One of the poetry books I actually have with me is a collection of Sylvia Plath’s poems, given to me by three friends from university. I do not remember studying her poems, but flicking through the collection I find post-its marking a number of poems and many seem familiar. I had forgotten how much I love Plath’s poetry; how visceral, evocative, challenging and powerful it is. I guess it is not easy reading, perhaps that is why I haven’t picked up these poems for a while. Maybe I kept the book with me hoping to inspire my own Sylvia. There were many poems I could have chosen, but felt this one about motherhood encapsulated Plath’s style and resonated with some of my own complex feelings of motherhood when I had my eldest child.
Love set you going like a fat, gold watch.
The midwife slapped your footsoles, and bald cry
Took its place among the elements.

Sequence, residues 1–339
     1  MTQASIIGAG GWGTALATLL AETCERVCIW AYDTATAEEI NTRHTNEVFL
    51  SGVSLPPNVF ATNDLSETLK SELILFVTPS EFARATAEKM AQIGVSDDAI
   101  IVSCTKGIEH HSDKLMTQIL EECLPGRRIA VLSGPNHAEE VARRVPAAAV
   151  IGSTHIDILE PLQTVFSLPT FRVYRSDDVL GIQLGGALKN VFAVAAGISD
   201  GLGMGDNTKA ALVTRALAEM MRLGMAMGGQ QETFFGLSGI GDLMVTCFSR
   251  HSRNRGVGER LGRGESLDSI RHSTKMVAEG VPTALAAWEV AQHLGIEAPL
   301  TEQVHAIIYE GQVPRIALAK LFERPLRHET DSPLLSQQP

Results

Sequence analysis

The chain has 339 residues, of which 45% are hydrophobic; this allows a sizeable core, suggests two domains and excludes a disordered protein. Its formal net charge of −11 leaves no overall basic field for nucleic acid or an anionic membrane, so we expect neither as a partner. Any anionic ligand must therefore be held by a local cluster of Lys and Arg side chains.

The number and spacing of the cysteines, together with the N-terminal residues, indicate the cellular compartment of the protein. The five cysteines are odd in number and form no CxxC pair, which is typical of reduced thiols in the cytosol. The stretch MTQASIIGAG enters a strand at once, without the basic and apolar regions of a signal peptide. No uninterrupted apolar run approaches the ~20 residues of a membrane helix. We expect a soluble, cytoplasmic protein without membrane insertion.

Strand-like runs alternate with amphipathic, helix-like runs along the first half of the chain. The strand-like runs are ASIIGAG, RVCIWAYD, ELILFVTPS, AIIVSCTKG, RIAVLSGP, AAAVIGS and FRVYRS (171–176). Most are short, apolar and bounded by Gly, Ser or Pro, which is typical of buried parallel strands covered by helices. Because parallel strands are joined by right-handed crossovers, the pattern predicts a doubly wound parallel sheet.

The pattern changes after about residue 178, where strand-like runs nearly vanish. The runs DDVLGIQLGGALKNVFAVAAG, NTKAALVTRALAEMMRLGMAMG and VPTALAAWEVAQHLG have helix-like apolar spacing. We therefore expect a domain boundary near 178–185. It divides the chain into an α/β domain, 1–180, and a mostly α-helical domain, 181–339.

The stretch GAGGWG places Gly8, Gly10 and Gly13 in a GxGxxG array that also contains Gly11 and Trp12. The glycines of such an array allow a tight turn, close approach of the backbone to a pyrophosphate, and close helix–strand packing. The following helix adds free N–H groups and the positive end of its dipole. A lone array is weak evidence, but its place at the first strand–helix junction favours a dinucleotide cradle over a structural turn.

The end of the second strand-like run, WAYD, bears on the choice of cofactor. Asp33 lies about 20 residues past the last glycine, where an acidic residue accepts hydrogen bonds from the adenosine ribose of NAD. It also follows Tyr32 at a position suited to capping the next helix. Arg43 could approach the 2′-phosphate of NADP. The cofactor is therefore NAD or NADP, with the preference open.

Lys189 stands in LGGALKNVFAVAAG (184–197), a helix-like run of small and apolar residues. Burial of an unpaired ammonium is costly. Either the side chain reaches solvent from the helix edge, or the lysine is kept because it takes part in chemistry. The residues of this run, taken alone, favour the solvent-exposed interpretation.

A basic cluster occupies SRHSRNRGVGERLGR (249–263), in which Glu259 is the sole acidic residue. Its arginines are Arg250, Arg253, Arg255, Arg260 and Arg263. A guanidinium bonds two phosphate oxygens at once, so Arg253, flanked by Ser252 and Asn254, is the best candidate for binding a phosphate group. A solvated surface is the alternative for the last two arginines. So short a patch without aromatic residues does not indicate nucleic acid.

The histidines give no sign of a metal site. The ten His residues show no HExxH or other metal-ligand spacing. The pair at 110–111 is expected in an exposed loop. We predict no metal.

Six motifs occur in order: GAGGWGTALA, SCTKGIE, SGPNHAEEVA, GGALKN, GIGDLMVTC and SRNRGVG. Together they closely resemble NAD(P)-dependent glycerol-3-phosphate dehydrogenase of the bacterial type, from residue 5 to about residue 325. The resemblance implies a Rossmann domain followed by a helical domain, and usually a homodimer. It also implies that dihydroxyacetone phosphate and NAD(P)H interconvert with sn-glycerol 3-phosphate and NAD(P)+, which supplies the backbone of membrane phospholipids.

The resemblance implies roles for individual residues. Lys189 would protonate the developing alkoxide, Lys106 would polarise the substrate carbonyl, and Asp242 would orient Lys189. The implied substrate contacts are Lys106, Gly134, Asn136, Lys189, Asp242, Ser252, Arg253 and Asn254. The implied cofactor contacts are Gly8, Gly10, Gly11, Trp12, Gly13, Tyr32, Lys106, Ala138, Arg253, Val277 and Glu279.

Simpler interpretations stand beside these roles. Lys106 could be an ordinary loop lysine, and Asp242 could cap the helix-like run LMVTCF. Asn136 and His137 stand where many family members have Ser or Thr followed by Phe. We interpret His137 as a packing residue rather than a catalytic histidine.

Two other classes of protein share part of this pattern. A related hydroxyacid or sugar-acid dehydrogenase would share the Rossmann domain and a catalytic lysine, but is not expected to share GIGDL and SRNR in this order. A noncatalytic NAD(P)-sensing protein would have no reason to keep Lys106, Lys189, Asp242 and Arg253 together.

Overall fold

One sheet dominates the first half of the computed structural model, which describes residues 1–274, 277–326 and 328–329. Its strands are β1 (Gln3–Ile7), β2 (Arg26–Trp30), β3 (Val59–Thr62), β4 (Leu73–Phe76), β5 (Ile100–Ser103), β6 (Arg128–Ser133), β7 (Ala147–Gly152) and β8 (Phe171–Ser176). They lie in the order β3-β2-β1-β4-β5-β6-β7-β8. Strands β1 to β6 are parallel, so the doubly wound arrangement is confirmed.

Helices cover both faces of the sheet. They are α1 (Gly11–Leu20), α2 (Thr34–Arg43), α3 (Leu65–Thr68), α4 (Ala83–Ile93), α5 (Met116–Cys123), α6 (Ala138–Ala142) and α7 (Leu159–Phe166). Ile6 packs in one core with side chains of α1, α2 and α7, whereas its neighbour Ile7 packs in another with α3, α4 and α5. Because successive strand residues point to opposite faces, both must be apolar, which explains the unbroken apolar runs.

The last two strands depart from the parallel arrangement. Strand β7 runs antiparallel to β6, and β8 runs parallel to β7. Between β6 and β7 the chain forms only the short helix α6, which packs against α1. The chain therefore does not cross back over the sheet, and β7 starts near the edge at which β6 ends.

Our voices echo, magnifying your arrival. New statue.
In a drafty museum, your nakedness
Shadows our safety. We stand round blankly as walls.
I’m no more your mother
Than the cloud that distills a mirror to reflect its own slow
Effacement at the wind’s hand.
All night your moth-breath
Flickers among the flat pink roses. I wake to listen:
A far sea moves in my ear.
One cry, and I stumble from bed, cow-heavy and floral
In my Victorian nightgown.
Your mouth opens clean as a cat’s. The window square
Whitens and swallows its dull stars. And now you try
Your handful of notes;
The clear vowels rise like balloons.
1963, Collected Poems, 1981.